RBC International Women’s Day 2013 – Career Snapshots

Zeenat Sidi

Zeenat Sidi

Senior Vice President, Risk Operations
Canadian Banking, Operations, P&CB


How did you get to be where you are today? Was there a particular person or moment that influenced you?

I joined RBC in the US as part of the internet bank we had launched in Atlanta in 1999. When we decided to step out of that business, I had started to look for jobs elsewhere, until Graham MacLachlan convinced me to stay and join his team at RBC Centura in North Carolina. He sponsored my executive MBA while I was there, and subsequently supported me for a larger role in Toronto a few years later. He was very persistent and creative in finding a way for me to stay with the organization, so I owe where I am today, in large part, to him.

If you were talking to someone who’s never worked in your RBC business group, how would you describe what you do and what you like best about your job?

I work with a group of very talented and dedicated individuals whose focus is to protect RBC’s assets by executing on our risk strategies, and being a trusted advisor to our sales, business and risk management partners. The Risk Operations team comprises Credit Adjudication, Commercial Advisory Group, Collections, Fraud Management, and Operational Risk. As I travel across the country to meet with members of the team, I continue to be impressed with the dedication and resiliency of our teams in the face of constant change, and how, amidst all the changes, they serve our partners and clients, with passion, at key moments of truth in their lives. That, along with the opportunity to drive a “Simpler Faster Better” vision within our operations teams, is what I love best about my job.

What’s been the greatest challenge of your career to date and how did you deal with it?

There are many experiences that helped shape my career, and provided me with some great learning, both personally and professionally. One of the more recent ones was taking on a completely different role than anything I had previously done, in a new area for me – Operations. In my previous roles in Risk Management as well as the Business, I had significant interactions with Operations, but had never worked within an operations environment. I spent a lot of time asking questions, understanding from experts on the team, and developing a whole new network. I will always look back at this “disruptive” career opportunity as one of the most significant ones in my professional life.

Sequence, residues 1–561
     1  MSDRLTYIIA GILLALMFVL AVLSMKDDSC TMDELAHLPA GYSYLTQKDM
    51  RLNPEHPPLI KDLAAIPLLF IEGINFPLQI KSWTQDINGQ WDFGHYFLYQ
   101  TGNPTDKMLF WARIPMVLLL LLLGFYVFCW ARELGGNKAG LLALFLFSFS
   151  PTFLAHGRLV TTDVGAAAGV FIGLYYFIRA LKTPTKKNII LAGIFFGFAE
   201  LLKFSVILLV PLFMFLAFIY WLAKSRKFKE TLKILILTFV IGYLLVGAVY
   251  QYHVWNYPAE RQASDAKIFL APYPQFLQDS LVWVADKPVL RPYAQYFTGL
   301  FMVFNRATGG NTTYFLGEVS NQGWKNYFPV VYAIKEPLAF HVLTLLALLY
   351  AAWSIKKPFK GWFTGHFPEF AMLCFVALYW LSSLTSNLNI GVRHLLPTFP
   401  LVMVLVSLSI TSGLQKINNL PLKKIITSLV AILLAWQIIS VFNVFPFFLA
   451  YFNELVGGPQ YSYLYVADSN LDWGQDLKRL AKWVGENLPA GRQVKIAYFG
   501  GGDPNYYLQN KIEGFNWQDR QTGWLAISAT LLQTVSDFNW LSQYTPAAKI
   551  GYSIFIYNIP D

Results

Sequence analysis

What advice would you give a younger woman who is at the start of her career?

The advice would apply equally to men and women. Early in your career, focus on getting the right breadth of experiences and learning that will provide a strong foundation for future roles; build a strong network and seek mentors who will be generous with sharing their successes and failures; don’t set barriers for yourself (or allow others to); and finally, create an authentic picture of yourself by understanding what you are good at, and where you draw your passion.

If you weren’t doing what you do now, what would you be doing instead?

I would have likely become an architect. I started my university years majoring in architecture (as I had a love for art and math), and while I was doing very well with it, I realized two years into it that it was more a passion than something I wanted to acquire formal education in. So, much to my family’s surprise, I switched majors in my third year of university, and that started a series of events that led me to banking and financial services.

Aside from spending time with family and friends, what’s your favourite thing to do when you have time to yourself?

I am a voracious reader, and in the little spare time that I find, I try to catch up on my reading. I enjoy reading good science fiction novels, architectural digests (given my passion), as well as the Harvard Business Review.

Who has been the most inspiring woman in your own life and why?

I draw my greatest inspiration from my mother. As a stay-at-home wife and mother of three children, her goal in life was to ensure that her children had the best opportunities for education. She sacrificed everything she had built to immigrate to a new country just to ensure that her children would succeed in pursuing higher education and the careers of their choice, and despite tremendous trials, remained strong and persistent in achieving those goals.

Finally, any comment, words of advice or quote you live your life by and would like to share?

One of the quotes I heard a few years ago that really resonated with me was by Judy Elder, a Microsoft Canada executive who was a dynamic visionary and a respected Canadian business leader who urged women to be proud of their ambition, to reject barriers, and to simply make stuff happen: “If you acknowledge the importance and power of your ambition, recognize that it is there to drive you to greater achievements and sustain you through the challenges. And if you couple it with competence, hard work and the morality you learned at your mother’s knee, you can defeat…the doubts that we all have about our capacity to lead.”